Comparison of Clinical Examination and Ultrasound for Ankle Disease in Juvenile Idiopathic Arthritis

pediatric ankle exam, JIA
Researchers compared the frequency of joint and tendon disease on ultrasound and clinical examination in active juvenile idiopathic arthritis.

A combination of clinical examination and ultrasound may improve diagnosis of active ankle disease in juvenile idiopathic arthritis (JIA), according to study results published in Arthritis Care & Research.

Ultrasound has increasingly replaced clinical examinations in the management of JIA, but it is unclear how the results of these methods compare. Investigators of this study aimed to compare the frequency of joint and tendon disease on ultrasound and clinical examination and evaluate the level of agreement between the 2 methods in ankle disease among patients with clinically active JIA.

A total of 78 children (67.9% girls; median age, 8.1 years) were included in the study. Of the 105 ankles with clinically active disease, active synovitis was identified by clinical examination in 184 joints and by ultrasound in 163 joints in 89 ankles.

The most frequently affected joint identified by both methods was the tibiotalar joint. Tenosynovitis was identified in 34 ankles (32.4%) by clinical examination and 74 ankles (70.5%) by ultrasound, most frequently in the medial and lateral tendon compartments. Involvement of the anterior tendon compartment was not observed. The tibialis posterior was the most frequently affected tendon identified on ultrasound, followed by the peroneal and flexor digitorum longus tendons. Concordance between clinical examination and ultrasound for the presence of active disease was found in 56 ankles (53.3%) and for the absence of disease in 10 ankles (9.5%) for the tibiotalar joint.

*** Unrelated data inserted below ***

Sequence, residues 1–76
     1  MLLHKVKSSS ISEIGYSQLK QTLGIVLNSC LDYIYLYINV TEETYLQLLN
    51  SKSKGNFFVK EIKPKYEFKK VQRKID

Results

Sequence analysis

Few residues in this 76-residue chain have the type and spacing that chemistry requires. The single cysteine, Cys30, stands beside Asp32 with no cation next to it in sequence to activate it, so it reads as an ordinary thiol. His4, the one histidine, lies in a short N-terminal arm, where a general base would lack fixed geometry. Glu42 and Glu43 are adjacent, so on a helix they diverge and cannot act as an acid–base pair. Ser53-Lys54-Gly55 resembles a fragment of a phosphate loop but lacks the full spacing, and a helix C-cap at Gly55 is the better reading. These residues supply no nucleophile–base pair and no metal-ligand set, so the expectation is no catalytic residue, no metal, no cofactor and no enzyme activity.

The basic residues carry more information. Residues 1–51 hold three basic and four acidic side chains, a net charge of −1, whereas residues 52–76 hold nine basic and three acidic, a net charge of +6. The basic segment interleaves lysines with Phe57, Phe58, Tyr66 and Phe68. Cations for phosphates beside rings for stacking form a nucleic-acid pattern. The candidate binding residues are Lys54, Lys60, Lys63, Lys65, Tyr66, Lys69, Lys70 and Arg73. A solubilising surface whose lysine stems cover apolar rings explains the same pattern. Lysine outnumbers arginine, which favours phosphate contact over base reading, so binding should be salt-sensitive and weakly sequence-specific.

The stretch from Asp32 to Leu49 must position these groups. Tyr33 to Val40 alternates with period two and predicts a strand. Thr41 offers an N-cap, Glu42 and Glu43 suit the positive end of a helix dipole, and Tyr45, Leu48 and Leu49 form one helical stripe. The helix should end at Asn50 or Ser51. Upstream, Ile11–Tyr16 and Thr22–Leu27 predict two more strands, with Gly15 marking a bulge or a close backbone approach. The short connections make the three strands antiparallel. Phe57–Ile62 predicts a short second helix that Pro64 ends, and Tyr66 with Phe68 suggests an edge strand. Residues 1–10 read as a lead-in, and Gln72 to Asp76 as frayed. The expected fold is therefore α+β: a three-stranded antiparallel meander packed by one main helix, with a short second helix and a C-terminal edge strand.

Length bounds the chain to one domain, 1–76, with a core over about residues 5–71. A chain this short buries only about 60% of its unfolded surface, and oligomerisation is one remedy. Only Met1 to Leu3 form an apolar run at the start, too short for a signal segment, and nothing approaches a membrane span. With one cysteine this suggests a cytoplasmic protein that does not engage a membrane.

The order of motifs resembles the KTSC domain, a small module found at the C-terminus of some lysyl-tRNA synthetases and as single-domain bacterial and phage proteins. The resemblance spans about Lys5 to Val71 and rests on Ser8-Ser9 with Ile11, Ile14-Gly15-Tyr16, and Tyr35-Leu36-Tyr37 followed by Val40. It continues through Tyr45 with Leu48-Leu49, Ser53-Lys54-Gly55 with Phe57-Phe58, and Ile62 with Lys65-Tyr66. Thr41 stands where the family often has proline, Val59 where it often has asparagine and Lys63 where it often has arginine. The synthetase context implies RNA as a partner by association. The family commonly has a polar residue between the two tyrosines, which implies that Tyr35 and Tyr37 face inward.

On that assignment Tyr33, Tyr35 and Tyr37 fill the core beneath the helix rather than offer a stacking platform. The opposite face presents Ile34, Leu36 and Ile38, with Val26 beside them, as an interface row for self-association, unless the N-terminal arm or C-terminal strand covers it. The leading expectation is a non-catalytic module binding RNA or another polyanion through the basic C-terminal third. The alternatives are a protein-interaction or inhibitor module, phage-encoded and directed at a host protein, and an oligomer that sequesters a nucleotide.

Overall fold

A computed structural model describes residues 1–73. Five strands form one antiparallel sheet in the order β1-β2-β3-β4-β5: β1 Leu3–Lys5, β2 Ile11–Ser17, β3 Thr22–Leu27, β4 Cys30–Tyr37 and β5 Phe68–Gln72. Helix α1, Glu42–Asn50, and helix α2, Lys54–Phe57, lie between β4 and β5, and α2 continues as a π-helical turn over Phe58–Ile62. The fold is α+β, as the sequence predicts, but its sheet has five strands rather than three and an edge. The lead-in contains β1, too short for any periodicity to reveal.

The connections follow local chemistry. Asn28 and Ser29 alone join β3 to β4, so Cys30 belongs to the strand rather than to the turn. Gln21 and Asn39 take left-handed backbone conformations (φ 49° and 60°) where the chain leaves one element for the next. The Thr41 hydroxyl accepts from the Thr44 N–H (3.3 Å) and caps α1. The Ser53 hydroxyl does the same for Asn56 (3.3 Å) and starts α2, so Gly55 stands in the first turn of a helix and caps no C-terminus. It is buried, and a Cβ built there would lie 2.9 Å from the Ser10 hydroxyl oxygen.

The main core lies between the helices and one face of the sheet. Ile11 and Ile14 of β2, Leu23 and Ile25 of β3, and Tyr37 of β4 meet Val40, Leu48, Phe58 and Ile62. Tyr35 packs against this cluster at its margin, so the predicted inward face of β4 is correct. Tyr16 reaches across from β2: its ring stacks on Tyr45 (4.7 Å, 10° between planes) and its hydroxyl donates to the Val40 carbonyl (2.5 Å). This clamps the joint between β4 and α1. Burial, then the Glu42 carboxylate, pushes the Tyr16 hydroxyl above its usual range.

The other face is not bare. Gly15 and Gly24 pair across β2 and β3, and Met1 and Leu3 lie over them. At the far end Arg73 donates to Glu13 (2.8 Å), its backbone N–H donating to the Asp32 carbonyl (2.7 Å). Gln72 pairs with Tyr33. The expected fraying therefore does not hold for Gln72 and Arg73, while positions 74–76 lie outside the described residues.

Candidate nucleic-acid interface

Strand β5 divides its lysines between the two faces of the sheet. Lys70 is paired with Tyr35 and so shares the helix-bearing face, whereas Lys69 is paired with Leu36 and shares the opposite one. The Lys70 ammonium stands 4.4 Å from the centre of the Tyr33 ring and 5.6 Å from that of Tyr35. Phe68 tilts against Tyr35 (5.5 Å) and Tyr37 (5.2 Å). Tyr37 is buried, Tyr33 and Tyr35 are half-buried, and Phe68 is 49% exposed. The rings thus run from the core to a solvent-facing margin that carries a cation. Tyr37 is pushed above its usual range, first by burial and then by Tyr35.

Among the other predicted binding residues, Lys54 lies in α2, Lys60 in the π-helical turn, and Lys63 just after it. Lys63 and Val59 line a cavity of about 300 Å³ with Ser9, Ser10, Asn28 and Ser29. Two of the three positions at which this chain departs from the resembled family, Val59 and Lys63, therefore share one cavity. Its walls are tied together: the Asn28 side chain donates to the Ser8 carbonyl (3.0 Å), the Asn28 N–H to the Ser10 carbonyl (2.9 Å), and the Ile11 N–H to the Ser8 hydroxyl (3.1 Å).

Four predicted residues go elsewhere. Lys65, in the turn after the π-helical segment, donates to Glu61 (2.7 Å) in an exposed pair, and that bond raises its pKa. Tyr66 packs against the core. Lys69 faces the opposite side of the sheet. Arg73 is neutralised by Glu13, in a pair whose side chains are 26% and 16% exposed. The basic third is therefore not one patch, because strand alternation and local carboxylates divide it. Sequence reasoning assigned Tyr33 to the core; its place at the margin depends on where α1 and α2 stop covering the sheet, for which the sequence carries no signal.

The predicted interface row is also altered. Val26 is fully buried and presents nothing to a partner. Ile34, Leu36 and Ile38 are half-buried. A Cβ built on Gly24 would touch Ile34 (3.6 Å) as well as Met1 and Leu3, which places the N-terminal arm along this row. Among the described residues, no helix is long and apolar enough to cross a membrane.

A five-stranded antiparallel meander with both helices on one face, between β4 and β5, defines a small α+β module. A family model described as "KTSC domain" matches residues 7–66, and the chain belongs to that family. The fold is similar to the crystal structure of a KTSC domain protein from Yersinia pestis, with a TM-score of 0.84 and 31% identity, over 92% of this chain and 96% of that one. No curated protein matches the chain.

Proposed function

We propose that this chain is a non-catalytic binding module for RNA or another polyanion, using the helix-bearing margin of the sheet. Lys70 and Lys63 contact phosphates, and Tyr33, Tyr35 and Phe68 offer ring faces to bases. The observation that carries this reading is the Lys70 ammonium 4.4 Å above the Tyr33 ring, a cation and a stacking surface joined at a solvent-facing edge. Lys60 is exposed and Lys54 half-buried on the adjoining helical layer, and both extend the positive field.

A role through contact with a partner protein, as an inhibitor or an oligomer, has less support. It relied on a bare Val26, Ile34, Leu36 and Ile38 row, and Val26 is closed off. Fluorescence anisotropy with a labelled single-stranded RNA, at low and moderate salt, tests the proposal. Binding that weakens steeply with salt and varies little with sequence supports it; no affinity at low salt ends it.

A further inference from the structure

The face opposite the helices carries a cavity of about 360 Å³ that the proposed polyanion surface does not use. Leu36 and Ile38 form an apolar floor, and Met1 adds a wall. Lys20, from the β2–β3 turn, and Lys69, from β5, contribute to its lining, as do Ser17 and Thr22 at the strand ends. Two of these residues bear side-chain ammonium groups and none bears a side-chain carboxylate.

Ultrasound identified active synovitis in 50 joints that were considered normal on clinical evaluation, and 71 joints were deemed affected on clinical examination that did not display disease activity on ultrasound. Concordance was similarly low for tenosynovitis.

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Study limitations included the unavailability of established cutoff values on ultrasound for disease in children because of which published values for adults were used for analysis.

“Our observation suggests that [clinical evaluation] does not allow a proper evaluation of ankle disease activity, as it is not able to establish precisely the location of joint and tendon inflammation,” the researchers concluded. “Coupling [clinical evaluation] with [ultrasound] aids to identify correctly the inflamed sites in the ankle region, which enhances significantly the quality of the clinical assessment and may increase the effectiveness of local injection therapy.”


Lanni S, Marafon DP, Civino A, et al. Comparison between clinical and ultrasound assessment of the ankle region in juvenile idiopathic arthritis [published April 27, 2020]. Arthritis Care Res (Hoboken). doi:10.1002/acr.24241